Asteroid may hit Earth in 2029

Close asteroid will be visible to naked eye

ESA Selects Targets For Asteroid-Deflecting Mission Don Quijote

And that's just a select few...



posted on Nov, 2 2005 @ 08:33 AM
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Originally posted by Manincloak
Right now, I think it's safe to say such an asteroid can be effectively shot down with a modified rocket (thats rocket, not a ballistic missile) of some sort, carrying a nuclear warhead.

In 30 years, it will probably be 30 times easier.

Nothing to worry about....


Not quite. Even with a nuclear warhead, striking an asteroid could very well break it up into smaller pieces, spreading the distruction over a much larger area.

Then again blasting one in front of a large asteroid to "push" it off course has a very low probability of success given the velocities involved. The kenetic energy of a nuke is very low when compaired to that imparted by an asteroid moving at significant speed.

Anyway, it's a moot point as this asteroid has been ruled out. No impact probable.

neo.jpl.nasa.gov...



posted on Nov, 2 2005 @ 09:00 AM
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No offence intended but I think that an article written November 2005 trumps that canned NASA article from December 2004. Obviously something has changed in the last year and new information is coming out now.



[edit on 11/2/2005 by defcon5]



posted on Nov, 2 2005 @ 09:16 AM
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Originally posted by cmdrkeenkid
You realize you did use New Scientist as a source.... Right? I'm sorry, but it's hardly credible. This has been discussed many times over here on ATS, especially after it was discovered.

Asteroid Hit Friday 13th Of Aprill 2029

Asteroid may hit Earth in 2029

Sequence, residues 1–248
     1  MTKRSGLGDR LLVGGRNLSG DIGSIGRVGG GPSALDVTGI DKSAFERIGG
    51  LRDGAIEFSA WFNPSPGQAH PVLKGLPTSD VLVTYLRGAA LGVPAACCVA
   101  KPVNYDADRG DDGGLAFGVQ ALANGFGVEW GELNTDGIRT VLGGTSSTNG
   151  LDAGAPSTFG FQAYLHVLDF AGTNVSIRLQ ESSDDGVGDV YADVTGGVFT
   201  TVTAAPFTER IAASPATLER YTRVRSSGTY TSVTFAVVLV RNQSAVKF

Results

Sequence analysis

Close asteroid will be visible to naked eye

ESA Selects Targets For Asteroid-Deflecting Mission Don Quijote

And that's just a select few...


Uh what planet are you from? New Scientist is a good source. And this article is about NASA deciding (for now) not to do anything about it. Did you even bother to read it...



posted on Nov, 2 2005 @ 09:22 AM
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Originally posted by cmdrkeenkid
You realize you did use New Scientist as a source.... Right? I'm sorry, but it's hardly credible.


I've seen a comment simular to this before on ATS and I'm just wondering what the issue is with www.newscientist.com...

I read their articles from time to time and find the site fairly good.
Do they have some sort of agenda that I'm not seeing, or is their reporting biased in some way??? Are they getting their facts wrong???



posted on Nov, 2 2005 @ 09:35 AM
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1. why should NASA foot the bill to save the world? Shouldn't every nation kick in?

2. If an asteroid is going to hit in 2029, the illuminati and the new world order folks might want to consider switching to the truncated master plan of global domination. they're running out of time or is this also part of their plan?



posted on Nov, 2 2005 @ 01:47 PM
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Originally posted by defcon5
No offence intended but I think that an article written November 2005 trumps that canned NASA article from December 2004. Obviously something has changed in the last year and new information is coming out now.
[edit on 11/2/2005 by defcon5]


Ok here are 4 more articles. The main thing to realize is that even though the asteroid will come close, the odds of it hitting the "keyhole" point and significantly altering it's course are neglegable.

neo.jpl.nasa.gov...

impact.arc.nasa.gov...

www.theregister.com...